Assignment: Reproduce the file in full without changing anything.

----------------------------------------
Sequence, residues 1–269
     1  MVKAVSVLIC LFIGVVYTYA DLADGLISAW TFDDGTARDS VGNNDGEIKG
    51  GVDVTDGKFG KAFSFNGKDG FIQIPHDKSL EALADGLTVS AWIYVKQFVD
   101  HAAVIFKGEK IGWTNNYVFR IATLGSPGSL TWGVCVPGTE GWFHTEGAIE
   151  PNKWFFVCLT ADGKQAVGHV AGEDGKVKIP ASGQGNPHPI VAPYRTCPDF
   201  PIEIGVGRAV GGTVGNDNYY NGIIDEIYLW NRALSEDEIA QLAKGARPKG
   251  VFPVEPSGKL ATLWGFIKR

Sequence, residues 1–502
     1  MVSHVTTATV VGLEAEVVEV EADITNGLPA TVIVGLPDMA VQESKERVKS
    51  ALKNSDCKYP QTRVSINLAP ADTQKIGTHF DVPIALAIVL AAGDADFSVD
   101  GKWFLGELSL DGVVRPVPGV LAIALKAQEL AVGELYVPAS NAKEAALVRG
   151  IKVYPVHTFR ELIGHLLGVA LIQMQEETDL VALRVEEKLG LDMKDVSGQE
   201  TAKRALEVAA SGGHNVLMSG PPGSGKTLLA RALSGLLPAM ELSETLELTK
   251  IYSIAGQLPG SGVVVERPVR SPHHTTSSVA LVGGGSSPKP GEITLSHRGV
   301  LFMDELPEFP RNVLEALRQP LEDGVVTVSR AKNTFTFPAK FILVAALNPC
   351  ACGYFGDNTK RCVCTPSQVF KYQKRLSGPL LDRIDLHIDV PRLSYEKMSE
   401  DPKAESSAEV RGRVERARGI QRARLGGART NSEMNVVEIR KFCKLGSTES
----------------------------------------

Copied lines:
Sequence, residues 1–269
     1  MVKAVSVLIC LFIGVVYTYA DLADGLISAW TFDDGTARDS VGNNDGEIKG
    51  GVDVTDGKFG KAFSFNGKDG FIQIPHDKSL EALADGLTVS AWIYVKQFVD
   101  HAAVIFKGEK IGWTNNYVFR IATLGSPGSL TWGVCVPGTE GWFHTEGAIE
   151  PNKWFFVCLT ADGKQAVGHV AGEDGKVKIP ASGQGNPHPI VAPYRTCPDF
   201  PIEIGVGRAV GGTVGNDNYY NGIIDEIYLW NRALSEDEIA QLAKGARPKG
   251  VFPVEPSGKL ATLWGFIKR

Sequence, residues 1–502
     1  MVSHVTTATV VGLEAEVVEV EADITNGLPA TVIVGLPDMA VQESKERVKS
    51  ALKNSDCKYP QTRVSINLAP ADTQKIGTHF DVPIALAIVL AAGDADFSVD
   101  GKWFLGELSL DGVVRPVPGV LAIALKAQEL AVGELYVPAS NAKEAALVRG
   151  IKVYPVHTFR ELIGHLLGVA LIQMQEETDL VALRVEEKLG LDMKDVSGQE
   201  TAKRALEVAA SGGHNVLMSG PPGSGKTLLA RALSGLLPAM ELSETLELTK
   251  IYSIAGQLPG SGVVVERPVR SPHHTTSSVA LVGGGSSPKP GEITLSHRGV
   301  LFMDELPEFP RNVLEALRQP LEDGVVTVSR AKNTFTFPAK FILVAALNPC
   351  ACGYFGDNTK RCVCTPSQVF KYQKRLSGPL LDRIDLHIDV PRLSYEKMSE
   401  DPKAESSAEV RGRVERARGI QRARLGGART NSEMNVVEIR KFCKLGSTES